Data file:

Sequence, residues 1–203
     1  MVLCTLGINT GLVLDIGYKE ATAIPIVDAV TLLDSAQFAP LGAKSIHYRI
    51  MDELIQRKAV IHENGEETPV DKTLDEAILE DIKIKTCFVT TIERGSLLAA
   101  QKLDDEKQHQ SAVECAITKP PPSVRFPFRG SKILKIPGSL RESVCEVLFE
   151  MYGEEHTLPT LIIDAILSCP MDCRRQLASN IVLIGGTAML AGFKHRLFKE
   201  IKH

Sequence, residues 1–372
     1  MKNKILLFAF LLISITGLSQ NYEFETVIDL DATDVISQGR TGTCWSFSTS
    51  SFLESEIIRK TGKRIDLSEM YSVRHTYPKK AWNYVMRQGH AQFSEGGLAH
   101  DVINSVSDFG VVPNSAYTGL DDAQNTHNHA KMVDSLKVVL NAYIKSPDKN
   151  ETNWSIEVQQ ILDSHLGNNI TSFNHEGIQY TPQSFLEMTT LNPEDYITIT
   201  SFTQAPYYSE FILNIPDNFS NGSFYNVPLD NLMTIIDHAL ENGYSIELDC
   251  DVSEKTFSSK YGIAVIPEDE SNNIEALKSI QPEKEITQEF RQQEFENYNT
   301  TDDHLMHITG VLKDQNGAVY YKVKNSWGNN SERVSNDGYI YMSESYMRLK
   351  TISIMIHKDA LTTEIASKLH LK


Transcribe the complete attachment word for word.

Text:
Sequence, residues 1–203
     1  MVLCTLGINT GLVLDIGYKE ATAIPIVDAV TLLDSAQFAP LGAKSIHYRI
    51  MDELIQRKAV IHENGEETPV DKTLDEAILE DIKIKTCFVT TIERGSLLAA
   101  QKLDDEKQHQ SAVECAITKP PPSVRFPFRG SKILKIPGSL RESVCEVLFE
   151  MYGEEHTLPT LIIDAILSCP MDCRRQLASN IVLIGGTAML AGFKHRLFKE
   201  IKH

Sequence, residues 1–372
     1  MKNKILLFAF LLISITGLSQ NYEFETVIDL DATDVISQGR TGTCWSFSTS
    51  SFLESEIIRK TGKRIDLSEM YSVRHTYPKK AWNYVMRQGH AQFSEGGLAH
   101  DVINSVSDFG VVPNSAYTGL DDAQNTHNHA KMVDSLKVVL NAYIKSPDKN
   151  ETNWSIEVQQ ILDSHLGNNI TSFNHEGIQY TPQSFLEMTT LNPEDYITIT
   201  SFTQAPYYSE FILNIPDNFS NGSFYNVPLD NLMTIIDHAL ENGYSIELDC
   251  DVSEKTFSSK YGIAVIPEDE SNNIEALKSI QPEKEITQEF RQQEFENYNT
   301  TDDHLMHITG VLKDQNGAVY YKVKNSWGNN SERVSNDGYI YMSESYMRLK
   351  TISIMIHKDA LTTEIASKLH LK